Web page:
Jennifer Boylan is an author, an activist, and an educator. Her writing is about her life and experiences. At its core her work is about her identity. Jennifer is transgender, but her identity is more complex than just her gender identity. Jennifer was born James and began her transition in the early 2000s with the […]Read more "I am myself."
Photographs are powerful objects that take us back to certain memories and places, even if we do not know anyone in the photo. Lorna Simpson uses the power of images in recalling memories in much of her work. Growing up in Crown Heights, Brooklyn, Simpson attended the High School of Art And Design and the […]Read more "Look at me: Photographs and Identity"
The story of the immigrant is one that you can still hear today, but the story of changing identity can be a little harder to pin down. When does someone consider him or herself an American vs. when is one seen as an American? Is it when they are officially a citizen? When they participate […]Read more "Do as the Americans Do: Cultural Dialogue and Being American"
In class we talked about ways in which museums can connect the past with the present in discussing issues like immigration and racism. We talked about how the National Park Service is trying to identify Hispanic sites and how museum professionals may be able to interpret these sites to connect it with issues like immigration […]Read more "The Challenge: Connecting the Past with Present Social Justice Issues"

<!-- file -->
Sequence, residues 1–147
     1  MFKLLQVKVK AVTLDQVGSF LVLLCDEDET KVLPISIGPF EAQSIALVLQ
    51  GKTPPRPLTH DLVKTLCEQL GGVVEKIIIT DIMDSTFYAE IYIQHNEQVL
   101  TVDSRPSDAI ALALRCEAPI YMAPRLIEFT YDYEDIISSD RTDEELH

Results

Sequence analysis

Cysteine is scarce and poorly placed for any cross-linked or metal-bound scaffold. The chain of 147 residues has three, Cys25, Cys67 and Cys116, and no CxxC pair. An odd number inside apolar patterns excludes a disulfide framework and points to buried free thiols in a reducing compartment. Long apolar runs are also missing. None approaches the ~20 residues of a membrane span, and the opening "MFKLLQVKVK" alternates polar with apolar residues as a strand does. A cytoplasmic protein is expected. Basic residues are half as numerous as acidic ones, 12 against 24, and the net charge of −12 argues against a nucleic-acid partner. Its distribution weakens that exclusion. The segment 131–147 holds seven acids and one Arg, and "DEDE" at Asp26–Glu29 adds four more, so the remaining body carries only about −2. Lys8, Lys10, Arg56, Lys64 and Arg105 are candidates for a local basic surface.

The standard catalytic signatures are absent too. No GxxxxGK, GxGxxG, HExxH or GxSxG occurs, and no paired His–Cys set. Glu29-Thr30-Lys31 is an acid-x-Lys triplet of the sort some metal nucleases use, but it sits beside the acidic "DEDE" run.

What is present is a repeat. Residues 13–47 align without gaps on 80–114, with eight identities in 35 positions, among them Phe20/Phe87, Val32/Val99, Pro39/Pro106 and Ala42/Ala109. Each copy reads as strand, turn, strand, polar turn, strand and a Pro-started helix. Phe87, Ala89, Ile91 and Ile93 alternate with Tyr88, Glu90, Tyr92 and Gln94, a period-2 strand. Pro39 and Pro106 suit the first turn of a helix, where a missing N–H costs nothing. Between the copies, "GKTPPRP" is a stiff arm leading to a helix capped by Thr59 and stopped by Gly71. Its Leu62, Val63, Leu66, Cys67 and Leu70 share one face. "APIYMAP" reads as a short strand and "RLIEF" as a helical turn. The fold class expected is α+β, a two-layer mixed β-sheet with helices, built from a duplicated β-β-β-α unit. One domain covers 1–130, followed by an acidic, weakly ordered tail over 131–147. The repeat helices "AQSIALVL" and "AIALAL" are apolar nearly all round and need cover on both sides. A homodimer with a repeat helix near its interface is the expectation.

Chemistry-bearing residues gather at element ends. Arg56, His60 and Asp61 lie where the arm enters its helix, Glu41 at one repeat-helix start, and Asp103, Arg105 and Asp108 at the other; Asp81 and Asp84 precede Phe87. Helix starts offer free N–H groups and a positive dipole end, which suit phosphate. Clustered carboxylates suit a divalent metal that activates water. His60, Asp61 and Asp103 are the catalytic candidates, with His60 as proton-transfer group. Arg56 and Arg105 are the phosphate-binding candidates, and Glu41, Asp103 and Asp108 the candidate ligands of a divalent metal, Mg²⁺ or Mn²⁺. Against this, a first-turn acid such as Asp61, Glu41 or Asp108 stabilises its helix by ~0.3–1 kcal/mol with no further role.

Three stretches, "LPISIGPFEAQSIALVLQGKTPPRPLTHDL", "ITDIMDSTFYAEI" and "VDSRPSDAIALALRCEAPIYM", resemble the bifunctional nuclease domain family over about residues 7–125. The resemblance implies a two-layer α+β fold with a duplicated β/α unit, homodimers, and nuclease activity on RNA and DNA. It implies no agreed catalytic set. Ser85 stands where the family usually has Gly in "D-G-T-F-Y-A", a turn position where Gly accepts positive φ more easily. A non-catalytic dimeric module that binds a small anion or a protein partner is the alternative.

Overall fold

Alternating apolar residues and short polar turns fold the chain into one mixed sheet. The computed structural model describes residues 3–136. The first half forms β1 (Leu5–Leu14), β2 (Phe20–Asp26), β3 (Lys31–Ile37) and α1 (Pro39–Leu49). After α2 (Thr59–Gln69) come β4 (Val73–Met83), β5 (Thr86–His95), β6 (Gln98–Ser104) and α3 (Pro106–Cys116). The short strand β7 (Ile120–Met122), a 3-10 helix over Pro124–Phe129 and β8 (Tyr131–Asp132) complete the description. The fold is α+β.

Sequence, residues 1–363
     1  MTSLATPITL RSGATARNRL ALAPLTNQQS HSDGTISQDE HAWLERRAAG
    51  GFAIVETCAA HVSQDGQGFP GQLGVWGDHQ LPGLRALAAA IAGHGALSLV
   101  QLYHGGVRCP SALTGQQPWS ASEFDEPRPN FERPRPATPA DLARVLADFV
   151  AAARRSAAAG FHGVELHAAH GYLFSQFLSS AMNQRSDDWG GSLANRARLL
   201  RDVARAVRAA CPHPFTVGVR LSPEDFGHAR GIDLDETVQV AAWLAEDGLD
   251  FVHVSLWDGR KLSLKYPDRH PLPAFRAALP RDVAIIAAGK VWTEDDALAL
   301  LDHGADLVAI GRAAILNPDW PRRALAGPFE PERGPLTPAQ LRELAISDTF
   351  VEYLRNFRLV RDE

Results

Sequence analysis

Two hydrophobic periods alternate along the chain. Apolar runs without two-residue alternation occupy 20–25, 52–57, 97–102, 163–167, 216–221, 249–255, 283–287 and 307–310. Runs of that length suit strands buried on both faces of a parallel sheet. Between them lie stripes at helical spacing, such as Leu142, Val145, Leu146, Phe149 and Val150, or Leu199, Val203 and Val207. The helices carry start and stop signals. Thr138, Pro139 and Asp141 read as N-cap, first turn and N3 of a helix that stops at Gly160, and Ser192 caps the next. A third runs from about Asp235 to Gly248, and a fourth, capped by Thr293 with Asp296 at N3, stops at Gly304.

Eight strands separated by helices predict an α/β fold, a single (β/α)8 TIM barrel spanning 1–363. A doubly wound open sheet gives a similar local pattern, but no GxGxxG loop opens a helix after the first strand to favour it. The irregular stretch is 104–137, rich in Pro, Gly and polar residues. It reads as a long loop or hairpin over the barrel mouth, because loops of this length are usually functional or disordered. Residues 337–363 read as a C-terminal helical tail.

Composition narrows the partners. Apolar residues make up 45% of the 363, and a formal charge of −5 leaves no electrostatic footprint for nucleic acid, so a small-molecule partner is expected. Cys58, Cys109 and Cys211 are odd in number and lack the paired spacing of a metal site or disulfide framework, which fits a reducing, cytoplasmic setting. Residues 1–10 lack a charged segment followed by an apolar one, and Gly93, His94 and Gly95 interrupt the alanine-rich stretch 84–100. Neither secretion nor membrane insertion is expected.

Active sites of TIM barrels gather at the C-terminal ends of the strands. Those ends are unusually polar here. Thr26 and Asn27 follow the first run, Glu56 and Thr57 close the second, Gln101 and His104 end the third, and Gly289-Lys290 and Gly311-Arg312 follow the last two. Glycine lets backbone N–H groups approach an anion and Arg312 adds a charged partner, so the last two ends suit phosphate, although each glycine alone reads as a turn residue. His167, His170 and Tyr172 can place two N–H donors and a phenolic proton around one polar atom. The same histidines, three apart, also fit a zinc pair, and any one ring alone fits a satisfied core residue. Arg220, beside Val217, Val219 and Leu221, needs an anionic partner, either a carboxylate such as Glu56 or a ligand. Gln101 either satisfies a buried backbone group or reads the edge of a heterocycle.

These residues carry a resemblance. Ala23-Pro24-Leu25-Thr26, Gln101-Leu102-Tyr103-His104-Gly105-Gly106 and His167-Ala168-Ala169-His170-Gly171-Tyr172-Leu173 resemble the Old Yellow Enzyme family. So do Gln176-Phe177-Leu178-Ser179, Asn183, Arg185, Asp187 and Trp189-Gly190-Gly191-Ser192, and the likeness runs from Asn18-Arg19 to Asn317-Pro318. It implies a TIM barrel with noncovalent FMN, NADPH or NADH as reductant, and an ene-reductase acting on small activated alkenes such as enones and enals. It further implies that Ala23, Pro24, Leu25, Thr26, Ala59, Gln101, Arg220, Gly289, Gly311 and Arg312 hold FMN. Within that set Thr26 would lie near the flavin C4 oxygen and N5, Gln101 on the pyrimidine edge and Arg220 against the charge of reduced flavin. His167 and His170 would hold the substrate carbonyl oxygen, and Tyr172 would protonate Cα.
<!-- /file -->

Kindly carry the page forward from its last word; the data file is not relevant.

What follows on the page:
Is a museum a place where cultures go to die, or where they go to live? According to James Clifford, the answer is increasingly the latter. Museums are becoming places of cultural exchange, reciprocity, and contest. They are becoming contact zones, where cultures enter into ongoing relationships. According to Clifford, “When museums are seen as […]Read more "Creating the Future Through the Past"
Given Audrey’s post on the Texas textbook controversy several weeks ago, I was excited to see the issue pop up again, this time framed in an interesting context and with some connection to this week’s discussion. “Studies in Crap” is a weekly blog written by Alan Scherstuhl for The Pitch (a Kansas City news/entertainment/events website). […]Read more "Texas Textbooks Revisited"
Picture this: a small, typical, rural-for-New England town of about 5,000 people. Formerly agricultural, now a bedroom community for neighboring town’s industrial companies, the only development consists of two small shopping centers of about five buildings each. Zoning laws require that each property have two acres on the road, creating the illusion of a woodsy […]Read more "Welcome to the Emerald City"